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House Impeachment Managers Argue Senate 'Must Eliminate the Threat' Trump Adds to National Security

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House Impeachment Managers Argue Senate 'Must Eliminate the Threat' Trump Adds to National Security

2020-01-20 15:22:021 Oct 2018 01:53 AM EST

By Laura Tucker, Staff writer; Image: Donald Trump (Image source: Screenshot)

 

With the Senate impeachment trial scheduled to have opening arguments on Wednesday. the seven House managers submitted a brief that argued for Donald Trump to be convicted. They instructed the Senate to "eliminate the threat" to national security that will exist unless he is removed from office after the House impeached him on two articles.

 

The White House, meanwhile, rejected the argument as a "highly partisan and reckless obsession" by Democrats, who have wanted Trump removed since his inauguration. 

The House managers, acting as prosecutors in the trial, filed the 111-page legal brief, laying out their case. The White House has until midday Monday to file its own brief to outline why the president must be acquitted.

 

The brief that was submitted on Saturday goes through the evidence the House Intelligence and House Judiciary committees gathered in hearings last fall, ending with a vote that impeached Trump on abuse of power and obstruction of Congress on December 18. 

The impeachment inquiry was launched last September after a whistleblower filed a complaint about Trump's July 25 phone call with Ukrainian President Volodymyr Zelensky, asking him to conduct investigations that were politically motivated for Trump and indicating in return he would get a White House visit and military aid for his country. The aid was withheld and released only after details of the phone call were learned.

 

"The evidence overwhelmingly establishes that he is guilty of both," wrote the House managers in the brief. "The only remaining question is whether the members of the Senate will accept and carry out the responsibility placed on them by the Framers of our Constitution and their constitutional oaths." 

Shortly after the brief was made public, Trump's legal team released a seven-page response. It dismissed the entire impeachment inquiry as a "dangerous attack on the right of the American people to freely choose their president," the same criticism that has been lobbed at Democrats throughout. It said the two charges were the result of a "lawless process" and accused House Democrats of a "transparently political act."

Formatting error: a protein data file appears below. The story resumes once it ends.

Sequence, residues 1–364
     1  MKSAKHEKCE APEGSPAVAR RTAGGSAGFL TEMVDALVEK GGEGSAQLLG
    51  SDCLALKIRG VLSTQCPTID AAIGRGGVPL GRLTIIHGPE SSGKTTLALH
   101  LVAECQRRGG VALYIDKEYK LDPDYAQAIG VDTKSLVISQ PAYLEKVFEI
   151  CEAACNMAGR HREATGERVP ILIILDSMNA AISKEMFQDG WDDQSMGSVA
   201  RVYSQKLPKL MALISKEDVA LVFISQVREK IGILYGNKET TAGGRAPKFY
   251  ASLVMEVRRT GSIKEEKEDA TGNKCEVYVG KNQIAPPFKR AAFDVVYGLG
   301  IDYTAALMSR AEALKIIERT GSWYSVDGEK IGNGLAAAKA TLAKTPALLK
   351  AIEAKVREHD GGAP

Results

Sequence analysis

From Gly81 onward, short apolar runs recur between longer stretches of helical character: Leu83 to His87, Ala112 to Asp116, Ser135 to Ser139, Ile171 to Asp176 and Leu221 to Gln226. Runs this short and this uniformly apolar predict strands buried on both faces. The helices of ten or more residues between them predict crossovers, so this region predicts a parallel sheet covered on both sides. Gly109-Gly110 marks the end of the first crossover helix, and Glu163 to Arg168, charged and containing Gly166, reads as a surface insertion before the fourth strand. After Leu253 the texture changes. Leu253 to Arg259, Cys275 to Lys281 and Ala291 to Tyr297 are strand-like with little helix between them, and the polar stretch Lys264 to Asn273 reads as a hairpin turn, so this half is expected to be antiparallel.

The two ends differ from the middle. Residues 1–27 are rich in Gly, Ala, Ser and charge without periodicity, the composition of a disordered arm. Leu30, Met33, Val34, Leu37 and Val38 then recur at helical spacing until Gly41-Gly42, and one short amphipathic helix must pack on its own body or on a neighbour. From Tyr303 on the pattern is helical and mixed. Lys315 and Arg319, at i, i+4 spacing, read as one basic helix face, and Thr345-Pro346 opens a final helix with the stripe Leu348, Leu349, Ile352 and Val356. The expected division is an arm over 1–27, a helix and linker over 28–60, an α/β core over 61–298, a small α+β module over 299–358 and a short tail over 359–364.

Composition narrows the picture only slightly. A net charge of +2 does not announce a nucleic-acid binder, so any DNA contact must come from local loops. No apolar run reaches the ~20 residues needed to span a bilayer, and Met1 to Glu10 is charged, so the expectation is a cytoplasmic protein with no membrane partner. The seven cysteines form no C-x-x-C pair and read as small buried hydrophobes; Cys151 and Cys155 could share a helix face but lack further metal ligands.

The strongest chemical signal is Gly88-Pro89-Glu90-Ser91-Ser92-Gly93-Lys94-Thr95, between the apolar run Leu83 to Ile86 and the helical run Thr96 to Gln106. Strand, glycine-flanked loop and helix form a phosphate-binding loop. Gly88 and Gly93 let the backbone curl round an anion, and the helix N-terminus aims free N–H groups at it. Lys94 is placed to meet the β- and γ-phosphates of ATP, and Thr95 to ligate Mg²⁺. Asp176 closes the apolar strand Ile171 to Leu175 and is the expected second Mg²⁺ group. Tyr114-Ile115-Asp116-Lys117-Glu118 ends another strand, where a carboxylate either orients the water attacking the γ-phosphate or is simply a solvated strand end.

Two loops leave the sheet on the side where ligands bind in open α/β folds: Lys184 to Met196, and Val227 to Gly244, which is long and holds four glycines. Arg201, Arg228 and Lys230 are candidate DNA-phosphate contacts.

White House counsel, Pat Cipollone, and Trump's personal attorney, Jay Sekulow, said in the response there was no basis for either article of impeachment, that the president didn't do anything wrong in his communications with Ukraine, and that by releasing a rough transcript of his July 25 call, he showed "unprecedented transparency." 

"The articles of impeachment violate the Constitution. They are defective in their entirety," said the White House. However, the allegations themselves were not mentioned in the response.

 

A House aide who has been working on the impeachment inquiry said Trump's position in the response that was filed on Saturday was "not just wrong but dangerous," adding that "if the president  were correct, it would represent a fundamental alteration to the American constitutional order." 

The House framed the managers' brief as an explanation of "why the Senate should convict and remove President Trump from office and permanently bar him from government service."

 

"If the president could both avoid accountability under the criminal laws and preclude an effective impeachment investigation, he would truly be above the law," wrote the House managers. "But that is what President Trump has attempted to do and why President Trump's conduct is the Framers' worst nightmare." 

"The Framers therefore would have considered a president's attempt to corrupt America's democratic processes by demanding political favors from foreign powers to be a singularly pernicious act," they continued, stating that the Framers "would have viewed a president's efforts to encourage foreign election interference as all the more dangerous where, as here, those efforts are part of an ongoing pattern of misconduct for which the president is unrepentant."

 

What is not shown in the brief is how the House managers will use the recently-released documents from Lev Parnas that show Trump was involved in the Ukraine strategy, along with his personal attorney Rudy Giuliani, an associate of Parnas's. The only reference to these documents is that they show Giuliani requested a meeting with Zelensky "as personal counsel to President Trump and with his knowledge and consent" to discuss a "specific request." 

Also included is the opinion of the congressional watchdog, the Government Accountability Office, that was issued after the articles of impeachment were transmitted to the Senate. The GAO said that the administration withholding aid to Ukraine was unlawful

 

The House brief mentioned the evidence against Trump as "overwhelming" or "compelling" in seven instances. It argues that the House has gathered sufficient proof of the malfeasance alleged. 

What is not mentioned in the brief is House Democrats' desire for witnesses in the trial, especially that of former national security adviser John Bolton, who was fired amidst the Ukraine scandal and who has indicated a new willingness to testify. House mangers are expected to make the case for witnesses separately on Tuesday when the Senate is discussing rules.

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